Moreover, the commission cannot credit the assertion of respondent's expert Seeman that work is actually available to the applicant at the establishments she listed at pages 9 to 11 of her report at Exhibit 6. Mr. Thompson contacted the same employers. He reported that the applicant's employment with those employers was not a realistic possibility. Exhibit N. The difference between the reports of Mr. Thompson and Ms. Seeman, the commission concludes, must be due to the form of the questions asked. Finally, Ms. Seeman does not counter Mr. Thompson's report. The commission must conclude that the respondent has not rebutted the applicant's prima facie case of odd-lot disability, and that the ALJ correctly concluded the applicant is permanently and totally disabled.

The commission also concludes that the employer is not entitled to credit for the previously paid and conceded functional permanent partial disability. The commission's policy is to give a credit only for weeks of conceded and paid permanent partial disability which had not yet accrued at the point an applicant became permanently and totally disabled. Michael Molitor v. Pepsi Cola Co., WC case nos. 91072459 and 93021071 (LIRC, August 28, 1997).

To give no credit for unaccrued weeks would allow an applicant to collect more than the permanent total disability rate for the unaccrued weeks (in which he would receive both the PPD and PTD rates). On the other hand, to give a credit for weeks of permanent partial disability that had already accrued before the applicant became permanently and totally disabled would give him no compensation at all for the residuals of his work injury which effected his functional and wage-earning ability before the date of permanent total disability. (2)



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(1)( Back ) Permanent total disability on a vocational basis focuses on whether, given an injured worker's functional restrictions from the work injury, as well as her age, training, education, efforts to find work and various other factors set out in sec. DWD 80.34 (1), Wis. Adm. Code., the worker has suffered a permanent and total impairment of earning capacity. This issue turns on the applicability of the "odd-lot rule," an evidentiary rule discussed by the supreme court at length in Balczewski v. DILHR, 76 Wis. 2d 487, 497 (1977). The court of appeals summarized the Balczewski decision as stating that: "once the claimant prima facie proves 100 percent disability upon the basis of future unemployability, the burden is upon the employer to rebut that prima facie showing and to demonstrate `that some kind of suitable work is regularly and continuously available to the claimant.' That court stated, in employment of the odd-lot doctrine for nonscheduled industrial injuries, that the crucial factor in establishing permanent total disability was proof of total and permanent impairment of earning capacity. . . . If evidence of the degree of physical disability coupled with other factors `such as mental capacity, education, training or age, establish prima facie that the employe will be unable to obtain regular and continuous employment and is therefore in the "odd lot" category.' The burden then switches to the employer to show regular and continuous employment is available." Advance Die Casting Co. v. LIRC, 154 Wis. 2d 239, 251-52 (Ct. App. 1989). The court of appeals has recently reiterated the holding in Balczewski that simply listing possible job classifications generally does not rebut a prima facie case of permanent and total disability on an odd-lot basis, absent a showing that "in fact employable and that jobs do exist for the injured claimant" on a regular and continuous basis. Balczewski, at 76 Wis. 2d 495; Cabral v. LIRC, Court of Appeals case no. 94-3309-FT, Dstrict I unpublished decision at page 11 (December 12, 1995); Morey v. LIRC, Court of Appeals case no. 95-0673-FT, District III unpublished decision (March 21, 1996).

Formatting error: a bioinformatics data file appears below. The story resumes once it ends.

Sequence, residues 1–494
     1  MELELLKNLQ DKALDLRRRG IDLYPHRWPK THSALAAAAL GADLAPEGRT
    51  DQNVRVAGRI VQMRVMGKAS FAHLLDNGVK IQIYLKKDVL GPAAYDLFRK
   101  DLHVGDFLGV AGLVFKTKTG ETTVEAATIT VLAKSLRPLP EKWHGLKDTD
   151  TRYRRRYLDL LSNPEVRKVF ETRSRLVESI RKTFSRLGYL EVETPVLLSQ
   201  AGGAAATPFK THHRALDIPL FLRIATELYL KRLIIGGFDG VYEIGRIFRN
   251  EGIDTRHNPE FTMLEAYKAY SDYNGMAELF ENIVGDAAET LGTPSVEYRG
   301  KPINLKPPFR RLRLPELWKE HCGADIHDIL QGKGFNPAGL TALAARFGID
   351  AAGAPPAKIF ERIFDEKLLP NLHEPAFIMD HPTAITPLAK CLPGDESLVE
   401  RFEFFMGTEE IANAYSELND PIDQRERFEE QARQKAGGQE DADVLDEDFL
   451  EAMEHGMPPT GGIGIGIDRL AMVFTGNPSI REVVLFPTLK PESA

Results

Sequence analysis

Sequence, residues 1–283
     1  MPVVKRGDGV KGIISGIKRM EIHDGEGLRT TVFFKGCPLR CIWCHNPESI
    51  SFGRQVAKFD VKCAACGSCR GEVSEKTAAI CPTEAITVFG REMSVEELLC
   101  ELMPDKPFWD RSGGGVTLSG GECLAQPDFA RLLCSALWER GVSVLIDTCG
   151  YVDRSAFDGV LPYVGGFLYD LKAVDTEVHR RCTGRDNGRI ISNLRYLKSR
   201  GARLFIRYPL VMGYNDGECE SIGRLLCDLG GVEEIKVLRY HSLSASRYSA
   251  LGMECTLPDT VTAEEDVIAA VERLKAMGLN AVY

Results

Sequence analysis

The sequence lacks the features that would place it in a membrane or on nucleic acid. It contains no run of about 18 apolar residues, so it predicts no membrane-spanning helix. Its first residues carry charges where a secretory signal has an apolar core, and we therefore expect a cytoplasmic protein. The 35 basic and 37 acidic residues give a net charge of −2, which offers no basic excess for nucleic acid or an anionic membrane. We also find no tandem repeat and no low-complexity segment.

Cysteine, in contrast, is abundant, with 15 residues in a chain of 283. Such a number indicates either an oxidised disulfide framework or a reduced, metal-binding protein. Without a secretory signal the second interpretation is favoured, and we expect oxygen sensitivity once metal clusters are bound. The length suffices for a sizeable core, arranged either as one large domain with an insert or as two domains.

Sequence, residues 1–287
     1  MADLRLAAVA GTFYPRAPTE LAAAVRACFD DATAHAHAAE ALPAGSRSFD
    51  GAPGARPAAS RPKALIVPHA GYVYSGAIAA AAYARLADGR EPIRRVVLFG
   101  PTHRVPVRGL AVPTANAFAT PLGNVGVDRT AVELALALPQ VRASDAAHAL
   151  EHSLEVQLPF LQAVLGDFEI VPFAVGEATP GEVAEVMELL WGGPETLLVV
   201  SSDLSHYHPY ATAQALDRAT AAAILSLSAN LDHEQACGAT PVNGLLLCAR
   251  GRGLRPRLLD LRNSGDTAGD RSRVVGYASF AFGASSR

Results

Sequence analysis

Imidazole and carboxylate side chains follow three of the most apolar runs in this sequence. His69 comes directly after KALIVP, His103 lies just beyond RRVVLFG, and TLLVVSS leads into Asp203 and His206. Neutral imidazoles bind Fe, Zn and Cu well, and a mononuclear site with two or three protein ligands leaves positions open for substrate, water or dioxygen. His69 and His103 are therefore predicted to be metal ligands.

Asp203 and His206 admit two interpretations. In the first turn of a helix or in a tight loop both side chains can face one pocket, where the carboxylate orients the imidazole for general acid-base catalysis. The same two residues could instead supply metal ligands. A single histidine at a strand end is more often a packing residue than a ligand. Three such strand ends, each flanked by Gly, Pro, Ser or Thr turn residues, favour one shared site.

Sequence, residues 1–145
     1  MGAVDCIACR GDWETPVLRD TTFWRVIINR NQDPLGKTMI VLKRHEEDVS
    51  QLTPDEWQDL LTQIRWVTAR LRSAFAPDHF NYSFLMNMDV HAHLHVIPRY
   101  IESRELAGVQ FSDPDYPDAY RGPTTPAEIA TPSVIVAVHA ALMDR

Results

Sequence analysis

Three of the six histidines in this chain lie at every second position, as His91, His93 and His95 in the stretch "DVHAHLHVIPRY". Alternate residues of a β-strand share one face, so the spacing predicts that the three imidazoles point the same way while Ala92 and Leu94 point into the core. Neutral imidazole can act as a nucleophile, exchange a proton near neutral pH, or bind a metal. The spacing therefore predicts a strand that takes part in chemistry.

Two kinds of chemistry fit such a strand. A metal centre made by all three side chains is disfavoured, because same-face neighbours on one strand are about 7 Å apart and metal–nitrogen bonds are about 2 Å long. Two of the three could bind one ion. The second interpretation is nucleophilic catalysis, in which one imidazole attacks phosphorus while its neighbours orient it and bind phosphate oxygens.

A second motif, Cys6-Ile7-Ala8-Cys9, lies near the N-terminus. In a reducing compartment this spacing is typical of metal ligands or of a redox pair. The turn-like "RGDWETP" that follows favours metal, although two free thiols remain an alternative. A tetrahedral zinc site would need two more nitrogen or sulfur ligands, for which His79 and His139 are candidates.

(2)( Back ) Between December 3, 1987 (the date of injury) and September 11, 1996 (the date the ALJ found the applicant permanently totally disabled), 457 weeks and 6 days passed. The employer paid temporary disability for 95 of those weeks, so 362 weeks and 6 days remain for the accrual of the 325 weeks of functional PPD concede by the respondent. Thus, the conceded PPD would have all accrued before the date the applicant became totally and permanently disabled. Because all the conceded PPD has accrued, the respondent may not offset it against the permanent total disability award. The respondent is not being required to pay twice for the same injury. Had the applicant been found permanently and totally disabled in 1994, or 1990, the employer's overall liability would have been higher than it is under this order. Indeed, it would under-compensate the applicant to subtract from the PTD first accruing in 1996 PPD paid for weeks of permanent disability accruing years earlier.